Let’s have a look at the list of useful Linux backup software.
Backup Software For Linux
- Rysnc: Rsync is freely available under the GNU General Public License. It is one of the finest open source backup tools that let you transfer and synchronize files between a computer and an external hard drive, and can be used to back up your file to an external drive. Rsync finds files that need to be transferred using a lqquick checkrq algorithm that looks for files that have changed in size or in the last-modified time.
- Kbackup: KBackup is an application that lets you back up your data in a user-friendly way. The backup target can be either a locally mounted device like a ZIP drive, USB stick, etc. or any remote URL
- AMANDA: AMANDA or the Advanced Maryland Automatic Network Disk Archiver, is an open-source backup solution. You can set up a single master backup server to back up multiple hosts over the network to tape drives/changers or disks or optical media. It can back up a large number of servers and workstations running multiple versions of Linux or Unix.
- Clonezilla: Clonezilla is a partition and disk imaging/cloning program. You can backup your system by cloning it.
- restic: Easy to use backup program that can back up your files to many different storage types, including self-hosted and online services.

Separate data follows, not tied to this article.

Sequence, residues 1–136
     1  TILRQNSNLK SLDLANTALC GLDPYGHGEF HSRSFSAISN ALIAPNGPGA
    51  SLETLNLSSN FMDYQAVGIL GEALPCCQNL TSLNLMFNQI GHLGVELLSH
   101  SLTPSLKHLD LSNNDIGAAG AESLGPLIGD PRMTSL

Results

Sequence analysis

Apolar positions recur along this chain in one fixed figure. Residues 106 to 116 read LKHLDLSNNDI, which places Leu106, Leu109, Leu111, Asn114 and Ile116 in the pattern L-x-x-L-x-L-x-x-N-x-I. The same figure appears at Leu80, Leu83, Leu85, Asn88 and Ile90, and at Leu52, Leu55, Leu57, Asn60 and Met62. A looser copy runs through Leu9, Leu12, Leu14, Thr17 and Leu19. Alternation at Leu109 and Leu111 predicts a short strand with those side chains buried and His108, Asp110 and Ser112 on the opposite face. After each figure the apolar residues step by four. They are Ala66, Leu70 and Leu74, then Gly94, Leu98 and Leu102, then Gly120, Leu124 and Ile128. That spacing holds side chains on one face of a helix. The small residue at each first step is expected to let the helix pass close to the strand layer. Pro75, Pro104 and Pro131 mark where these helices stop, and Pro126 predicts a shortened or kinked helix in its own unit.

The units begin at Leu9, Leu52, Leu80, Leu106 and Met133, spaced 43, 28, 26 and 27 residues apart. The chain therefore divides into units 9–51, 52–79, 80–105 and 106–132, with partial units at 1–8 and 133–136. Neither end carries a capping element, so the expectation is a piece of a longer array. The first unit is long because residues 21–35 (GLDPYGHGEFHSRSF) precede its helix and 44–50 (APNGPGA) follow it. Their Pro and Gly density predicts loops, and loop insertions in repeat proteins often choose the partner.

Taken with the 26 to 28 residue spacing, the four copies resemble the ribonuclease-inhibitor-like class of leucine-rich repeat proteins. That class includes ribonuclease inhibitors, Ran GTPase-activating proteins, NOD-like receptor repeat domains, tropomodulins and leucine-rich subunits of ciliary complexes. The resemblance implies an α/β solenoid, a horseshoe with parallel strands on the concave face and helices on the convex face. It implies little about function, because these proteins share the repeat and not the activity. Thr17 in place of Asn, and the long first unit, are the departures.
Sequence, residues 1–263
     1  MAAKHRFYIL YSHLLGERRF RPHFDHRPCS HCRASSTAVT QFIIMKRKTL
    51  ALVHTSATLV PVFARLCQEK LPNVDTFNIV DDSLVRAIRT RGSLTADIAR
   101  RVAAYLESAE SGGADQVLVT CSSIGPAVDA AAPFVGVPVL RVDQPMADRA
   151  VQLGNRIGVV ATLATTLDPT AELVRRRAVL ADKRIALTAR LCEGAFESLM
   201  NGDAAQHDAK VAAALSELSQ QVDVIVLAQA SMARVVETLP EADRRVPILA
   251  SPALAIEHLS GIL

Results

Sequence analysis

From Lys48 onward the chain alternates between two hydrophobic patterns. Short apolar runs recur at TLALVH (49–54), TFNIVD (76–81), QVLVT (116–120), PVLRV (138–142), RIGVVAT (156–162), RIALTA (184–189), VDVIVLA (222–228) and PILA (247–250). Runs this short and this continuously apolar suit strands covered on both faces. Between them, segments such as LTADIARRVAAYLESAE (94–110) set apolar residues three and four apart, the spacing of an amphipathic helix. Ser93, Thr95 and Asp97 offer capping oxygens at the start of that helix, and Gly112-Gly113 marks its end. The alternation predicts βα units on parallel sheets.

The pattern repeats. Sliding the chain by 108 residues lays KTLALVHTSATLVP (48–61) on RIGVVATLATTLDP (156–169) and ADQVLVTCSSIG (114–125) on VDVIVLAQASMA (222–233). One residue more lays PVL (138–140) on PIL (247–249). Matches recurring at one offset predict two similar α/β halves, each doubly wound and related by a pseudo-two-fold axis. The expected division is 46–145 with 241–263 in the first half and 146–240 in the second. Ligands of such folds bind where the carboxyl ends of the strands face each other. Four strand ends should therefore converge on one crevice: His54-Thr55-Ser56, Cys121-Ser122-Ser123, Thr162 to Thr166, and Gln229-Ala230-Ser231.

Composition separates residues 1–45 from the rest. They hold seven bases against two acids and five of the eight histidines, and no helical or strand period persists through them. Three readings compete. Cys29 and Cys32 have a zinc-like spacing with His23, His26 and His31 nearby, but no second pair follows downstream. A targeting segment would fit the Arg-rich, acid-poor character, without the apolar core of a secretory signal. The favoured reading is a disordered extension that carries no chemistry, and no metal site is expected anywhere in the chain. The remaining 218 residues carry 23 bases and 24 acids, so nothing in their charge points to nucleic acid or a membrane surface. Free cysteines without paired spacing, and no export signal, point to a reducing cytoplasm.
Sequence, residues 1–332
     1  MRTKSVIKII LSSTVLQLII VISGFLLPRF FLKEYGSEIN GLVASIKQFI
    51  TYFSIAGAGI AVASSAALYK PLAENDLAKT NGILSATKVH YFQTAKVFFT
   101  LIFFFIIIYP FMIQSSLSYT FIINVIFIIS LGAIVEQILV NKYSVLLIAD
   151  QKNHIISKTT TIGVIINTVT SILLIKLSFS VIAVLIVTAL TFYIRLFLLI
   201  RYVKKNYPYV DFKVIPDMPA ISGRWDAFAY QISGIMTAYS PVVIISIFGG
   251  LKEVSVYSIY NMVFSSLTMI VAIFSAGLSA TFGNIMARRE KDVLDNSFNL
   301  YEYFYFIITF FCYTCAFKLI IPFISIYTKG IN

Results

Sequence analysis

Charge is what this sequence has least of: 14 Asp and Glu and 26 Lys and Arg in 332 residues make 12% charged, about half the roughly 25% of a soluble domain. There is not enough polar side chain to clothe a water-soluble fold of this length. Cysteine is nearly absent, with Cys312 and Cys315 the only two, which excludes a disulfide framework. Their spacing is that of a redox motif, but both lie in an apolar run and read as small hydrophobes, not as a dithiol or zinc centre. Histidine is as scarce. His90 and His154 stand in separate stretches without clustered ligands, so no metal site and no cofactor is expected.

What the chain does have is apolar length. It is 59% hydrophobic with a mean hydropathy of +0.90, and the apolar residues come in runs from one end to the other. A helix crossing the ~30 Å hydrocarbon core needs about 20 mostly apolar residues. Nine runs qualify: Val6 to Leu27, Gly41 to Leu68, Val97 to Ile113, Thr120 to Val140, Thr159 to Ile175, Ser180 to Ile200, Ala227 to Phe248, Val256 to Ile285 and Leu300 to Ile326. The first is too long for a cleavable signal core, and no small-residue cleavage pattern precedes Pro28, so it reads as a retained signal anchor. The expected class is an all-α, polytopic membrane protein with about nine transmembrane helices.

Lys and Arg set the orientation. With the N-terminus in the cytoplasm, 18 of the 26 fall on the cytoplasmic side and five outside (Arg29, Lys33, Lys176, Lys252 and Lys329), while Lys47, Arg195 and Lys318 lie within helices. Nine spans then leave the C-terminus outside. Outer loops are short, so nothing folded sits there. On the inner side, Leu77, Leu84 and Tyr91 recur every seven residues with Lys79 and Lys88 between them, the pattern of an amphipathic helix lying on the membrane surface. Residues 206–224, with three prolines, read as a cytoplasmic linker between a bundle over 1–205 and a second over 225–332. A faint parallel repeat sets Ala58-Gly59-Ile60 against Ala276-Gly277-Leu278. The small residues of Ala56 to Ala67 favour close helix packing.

- BackupPC: It is an enterprise-grade system for backing up Linux to a server’s disk. It allows administrators to view log files, configuration, current status and allows users to initiate and cancel backups and browse and restore files from backups.
- Backupintime: Based on
rsync, It is a simple backup solution for Linux Desktops. It uses hard links to reduce the space used for unchanged files.
- Bacula: Bacula is an Open Source backup tool for the backup, recovery, and verification of computer data across a network of computers of different kinds. It is an Enterprise-level open Source Backup Software.
You missed Rescuezilla, based on Clonezilla, but with a graphical interface and much easier to use and figure out.
Thank you sir for the info. Will add it
I use “rdiff-backup” from the command line. It works nicely in scripts. It’s differential backups using rsync.
How is your experience with it ?